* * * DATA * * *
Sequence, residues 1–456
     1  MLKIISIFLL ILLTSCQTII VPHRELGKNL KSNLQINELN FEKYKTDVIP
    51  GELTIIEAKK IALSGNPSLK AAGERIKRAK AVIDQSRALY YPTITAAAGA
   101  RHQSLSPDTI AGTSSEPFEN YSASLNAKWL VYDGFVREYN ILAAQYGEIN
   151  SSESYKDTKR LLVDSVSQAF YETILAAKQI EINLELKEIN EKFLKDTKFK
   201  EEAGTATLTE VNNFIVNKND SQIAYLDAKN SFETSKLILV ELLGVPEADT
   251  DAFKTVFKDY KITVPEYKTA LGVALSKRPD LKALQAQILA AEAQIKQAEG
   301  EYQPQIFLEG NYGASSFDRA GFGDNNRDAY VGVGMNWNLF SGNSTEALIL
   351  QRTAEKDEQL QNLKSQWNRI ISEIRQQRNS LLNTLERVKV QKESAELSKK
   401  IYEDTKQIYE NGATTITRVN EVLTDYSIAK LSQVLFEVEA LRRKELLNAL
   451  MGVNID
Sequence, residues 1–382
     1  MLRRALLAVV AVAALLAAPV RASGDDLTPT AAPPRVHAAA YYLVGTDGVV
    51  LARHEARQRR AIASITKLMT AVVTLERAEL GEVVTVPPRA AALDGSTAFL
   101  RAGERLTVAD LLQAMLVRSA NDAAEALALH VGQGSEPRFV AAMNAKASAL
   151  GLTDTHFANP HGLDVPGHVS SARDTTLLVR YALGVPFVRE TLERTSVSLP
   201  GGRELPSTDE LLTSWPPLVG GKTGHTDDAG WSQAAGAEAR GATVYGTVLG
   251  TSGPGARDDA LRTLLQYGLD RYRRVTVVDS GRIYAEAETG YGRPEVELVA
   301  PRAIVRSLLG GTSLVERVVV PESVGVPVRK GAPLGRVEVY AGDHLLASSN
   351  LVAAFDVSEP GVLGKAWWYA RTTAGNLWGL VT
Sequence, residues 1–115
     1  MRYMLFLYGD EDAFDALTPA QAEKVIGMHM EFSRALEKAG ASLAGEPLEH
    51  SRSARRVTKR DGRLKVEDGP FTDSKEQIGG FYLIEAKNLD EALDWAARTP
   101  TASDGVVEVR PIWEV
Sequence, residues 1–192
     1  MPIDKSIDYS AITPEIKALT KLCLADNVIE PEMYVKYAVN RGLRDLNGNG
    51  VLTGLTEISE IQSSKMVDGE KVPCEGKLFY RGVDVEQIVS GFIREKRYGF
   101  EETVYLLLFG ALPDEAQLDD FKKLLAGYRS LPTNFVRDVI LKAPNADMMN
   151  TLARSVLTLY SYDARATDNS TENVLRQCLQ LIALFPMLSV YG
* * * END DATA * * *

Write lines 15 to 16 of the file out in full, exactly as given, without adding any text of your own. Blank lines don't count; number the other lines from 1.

   101  RAGERLTVAD LLQAMLVRSA NDAAEALALH VGQGSEPRFV AAMNAKASAL
   151  GLTDTHFANP HGLDVPGHVS SARDTTLLVR YALGVPFVRE TLERTSVSLP